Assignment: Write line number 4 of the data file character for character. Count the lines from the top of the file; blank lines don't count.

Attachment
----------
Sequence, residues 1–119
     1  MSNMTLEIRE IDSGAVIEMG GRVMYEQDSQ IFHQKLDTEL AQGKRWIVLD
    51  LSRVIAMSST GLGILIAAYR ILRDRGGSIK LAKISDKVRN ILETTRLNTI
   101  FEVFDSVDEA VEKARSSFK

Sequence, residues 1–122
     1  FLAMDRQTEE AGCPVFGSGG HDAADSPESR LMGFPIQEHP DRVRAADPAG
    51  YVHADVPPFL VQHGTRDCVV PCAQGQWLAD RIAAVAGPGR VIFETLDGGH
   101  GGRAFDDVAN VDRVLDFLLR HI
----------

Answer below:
   101  FEVFDSVDEA VEKARSSFK